Rumors of a gang initiation targeting the popular nightclub Toad’s Place spread on Saturday night of Halloween weekend. New Haven Police Department spokesman David Hartman asserted that the rumors were false.
One message, sent to a sororitywide Alpha Phi group chat on Saturday evening, said that a Box 63 employee told a few undergraduates of a rumor of a gang initiation at Toad’s Place, during which members would look to kill 30 individuals. The message added that the police are “aware and going to be swarming the place with teams and undercover guys.”
“[The rumor of the threat] was spreading like wildfire through the group chats,” said Orven Mallari ’21.
By the end of the night, the rumors had made it to personal, club, team and residential college group chats, including the Yale Dems; dance groups such as Sabrosura, Danceworks, Steppin’ Out; sports teams such as the fencing, rugby and softball teams; sororities and fraternities such as Kappa Alpha Theta, Alpha Phi, Sigma Nu, Sigma Phi Epsilon; and residential college group chats at Davenport, Jonathan Edwards, Morse, Pierson and Pauli Murray, as well as classwide chats for both 2022 and 2021.
Of 102 undergraduates surveyed by the News, 81 said they had heard about the threat on the night of Oct. 27. Several students added that they heard he rumors from various different sources. Six said that they heard about the rumor only the next day.
David Hartman, New Haven Police Department’s media liaison told the News Sunday afternoon that the threat was false. He said the department vets information as they receive it, and then deal with the situation in accordance with the department’s policies.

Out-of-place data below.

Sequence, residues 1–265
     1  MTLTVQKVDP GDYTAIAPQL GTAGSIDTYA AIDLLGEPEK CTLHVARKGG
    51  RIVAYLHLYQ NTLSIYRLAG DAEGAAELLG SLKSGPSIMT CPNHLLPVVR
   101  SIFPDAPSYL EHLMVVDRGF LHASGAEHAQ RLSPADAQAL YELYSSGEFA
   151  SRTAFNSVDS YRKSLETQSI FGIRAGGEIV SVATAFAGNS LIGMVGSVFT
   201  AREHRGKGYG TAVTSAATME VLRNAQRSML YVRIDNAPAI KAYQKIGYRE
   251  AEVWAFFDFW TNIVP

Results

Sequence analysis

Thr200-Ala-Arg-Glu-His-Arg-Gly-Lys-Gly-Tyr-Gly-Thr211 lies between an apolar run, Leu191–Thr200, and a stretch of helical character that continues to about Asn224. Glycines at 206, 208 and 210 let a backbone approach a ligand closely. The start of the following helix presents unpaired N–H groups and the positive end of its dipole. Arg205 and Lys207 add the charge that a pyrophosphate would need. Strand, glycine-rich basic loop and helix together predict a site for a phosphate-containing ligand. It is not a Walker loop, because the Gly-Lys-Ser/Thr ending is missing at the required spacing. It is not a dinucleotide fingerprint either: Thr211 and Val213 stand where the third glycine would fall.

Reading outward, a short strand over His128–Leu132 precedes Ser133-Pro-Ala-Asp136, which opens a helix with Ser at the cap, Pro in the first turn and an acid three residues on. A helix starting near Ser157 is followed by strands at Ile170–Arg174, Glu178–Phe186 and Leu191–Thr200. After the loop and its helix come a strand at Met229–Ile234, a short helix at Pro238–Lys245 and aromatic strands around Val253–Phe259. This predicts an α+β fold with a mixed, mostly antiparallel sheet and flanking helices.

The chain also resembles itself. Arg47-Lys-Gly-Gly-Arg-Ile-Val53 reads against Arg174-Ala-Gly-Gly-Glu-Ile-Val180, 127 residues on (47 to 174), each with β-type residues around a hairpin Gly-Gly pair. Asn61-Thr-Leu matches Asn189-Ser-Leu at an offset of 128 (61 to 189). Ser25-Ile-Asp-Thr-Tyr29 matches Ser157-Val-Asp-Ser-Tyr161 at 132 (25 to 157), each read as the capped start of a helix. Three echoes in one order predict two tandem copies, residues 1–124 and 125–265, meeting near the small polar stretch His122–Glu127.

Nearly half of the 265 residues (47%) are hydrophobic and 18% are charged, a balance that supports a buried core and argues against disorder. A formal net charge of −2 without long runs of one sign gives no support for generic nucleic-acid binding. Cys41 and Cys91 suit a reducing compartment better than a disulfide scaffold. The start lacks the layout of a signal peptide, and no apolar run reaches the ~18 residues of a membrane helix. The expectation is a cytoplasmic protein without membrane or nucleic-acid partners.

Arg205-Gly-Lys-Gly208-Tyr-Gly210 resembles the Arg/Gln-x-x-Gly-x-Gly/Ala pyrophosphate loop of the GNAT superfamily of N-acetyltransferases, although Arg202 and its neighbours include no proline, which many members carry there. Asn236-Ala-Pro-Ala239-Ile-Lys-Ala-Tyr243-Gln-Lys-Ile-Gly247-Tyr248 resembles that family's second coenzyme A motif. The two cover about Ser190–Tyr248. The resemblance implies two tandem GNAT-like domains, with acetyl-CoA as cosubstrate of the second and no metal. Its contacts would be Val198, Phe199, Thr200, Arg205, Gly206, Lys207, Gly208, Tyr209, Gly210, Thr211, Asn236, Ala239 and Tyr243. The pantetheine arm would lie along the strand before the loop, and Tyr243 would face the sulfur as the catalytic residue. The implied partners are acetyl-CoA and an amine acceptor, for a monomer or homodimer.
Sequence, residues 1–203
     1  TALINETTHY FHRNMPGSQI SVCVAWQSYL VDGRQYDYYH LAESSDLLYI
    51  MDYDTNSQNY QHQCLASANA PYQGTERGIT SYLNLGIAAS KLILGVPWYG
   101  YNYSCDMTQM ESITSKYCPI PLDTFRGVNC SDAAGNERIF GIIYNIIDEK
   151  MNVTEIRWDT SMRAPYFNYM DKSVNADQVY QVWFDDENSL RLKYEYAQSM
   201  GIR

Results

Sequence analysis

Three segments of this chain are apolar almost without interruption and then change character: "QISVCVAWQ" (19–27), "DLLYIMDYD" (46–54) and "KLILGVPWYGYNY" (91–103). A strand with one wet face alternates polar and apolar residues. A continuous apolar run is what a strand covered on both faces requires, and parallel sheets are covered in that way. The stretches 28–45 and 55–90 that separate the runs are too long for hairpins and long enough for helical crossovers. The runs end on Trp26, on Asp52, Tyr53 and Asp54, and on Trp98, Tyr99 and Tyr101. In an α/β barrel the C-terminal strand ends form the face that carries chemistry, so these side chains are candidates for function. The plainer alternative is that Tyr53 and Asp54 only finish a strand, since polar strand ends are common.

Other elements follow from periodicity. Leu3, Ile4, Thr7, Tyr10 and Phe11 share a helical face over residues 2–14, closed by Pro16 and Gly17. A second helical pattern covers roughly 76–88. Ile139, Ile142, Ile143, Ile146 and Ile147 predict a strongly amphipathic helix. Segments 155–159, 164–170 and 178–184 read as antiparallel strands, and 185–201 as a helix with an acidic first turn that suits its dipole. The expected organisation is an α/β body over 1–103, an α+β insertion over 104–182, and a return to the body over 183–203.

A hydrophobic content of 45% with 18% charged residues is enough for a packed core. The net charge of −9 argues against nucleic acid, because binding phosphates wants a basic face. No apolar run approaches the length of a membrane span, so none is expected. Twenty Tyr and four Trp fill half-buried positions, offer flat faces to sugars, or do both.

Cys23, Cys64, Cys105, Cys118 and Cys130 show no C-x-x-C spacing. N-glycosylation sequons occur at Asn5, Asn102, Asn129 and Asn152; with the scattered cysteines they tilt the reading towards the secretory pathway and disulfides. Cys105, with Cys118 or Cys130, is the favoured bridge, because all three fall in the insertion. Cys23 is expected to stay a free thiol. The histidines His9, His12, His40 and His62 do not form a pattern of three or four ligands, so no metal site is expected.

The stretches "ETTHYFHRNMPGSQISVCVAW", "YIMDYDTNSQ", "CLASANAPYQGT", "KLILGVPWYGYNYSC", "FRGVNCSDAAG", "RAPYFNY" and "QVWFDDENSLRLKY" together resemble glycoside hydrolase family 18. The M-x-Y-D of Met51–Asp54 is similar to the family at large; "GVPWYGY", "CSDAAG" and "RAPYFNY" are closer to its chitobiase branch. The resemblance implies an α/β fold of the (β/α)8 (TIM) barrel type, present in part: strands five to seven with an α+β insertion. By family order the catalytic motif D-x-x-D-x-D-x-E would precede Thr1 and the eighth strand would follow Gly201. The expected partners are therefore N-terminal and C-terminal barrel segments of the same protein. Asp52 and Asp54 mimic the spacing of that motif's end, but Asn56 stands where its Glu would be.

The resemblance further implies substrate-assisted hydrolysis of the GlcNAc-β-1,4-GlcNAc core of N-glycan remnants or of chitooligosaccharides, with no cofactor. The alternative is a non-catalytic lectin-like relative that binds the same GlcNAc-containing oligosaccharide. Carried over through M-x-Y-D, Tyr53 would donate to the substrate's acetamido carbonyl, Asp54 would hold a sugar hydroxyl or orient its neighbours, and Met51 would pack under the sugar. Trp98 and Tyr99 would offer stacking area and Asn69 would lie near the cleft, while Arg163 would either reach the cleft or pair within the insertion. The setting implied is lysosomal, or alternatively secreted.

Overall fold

“This was a student rumor and it was fabricated,” Hartman said. “Sadly, this type of false report has become all too common.”
Hartman said that the department would not comment on the specific threat “as the press’ reporting of it supports the criminally culpable idiots that started and perpetuated this ado about nothing.”
Late Saturday night, a student posted on Overheard at Yale, a Facebook group with 14,227 members, noting “rumors about a possible gang-related event taking place at Toad’s tonight.”
The student added that they were not sure if the rumor was a Halloween joke, but advised members of the group to stay safe.
Yale spokesperson Tom Conroy commented on the post that evening that the Yale Police Department and the NHPD are aware of the rumor going around, and they have “confirmed there is no validity to it.”
“[Yale Police] Chief Ronnell Higgins confirmed YPD has additional uniformed and plainclothes officers on duty this evening as it is the weekend before Halloween and they expect a lot of activity on and around campus,” Conroy said.
He added that as a precaution, community members should stay aware of their surrounding at all times, and trust their instincts if they feel unsafe.
Conroy told the News the next day that Chief Higgins wanted the community to know the facts about the rumor that was going around.
Carl Carbone, owner of Box 63, said that three Quinnipiac students at the bar told a bartender on duty of the threat. According to Carbone, the students showed screenshots of a Facebook chat that said Toad’s was being targeted for a gang initiation, and that its goal was to kill 30 people. Carbone added that having some sense of detail — with the number 30 — made it seem somewhat credible at the time.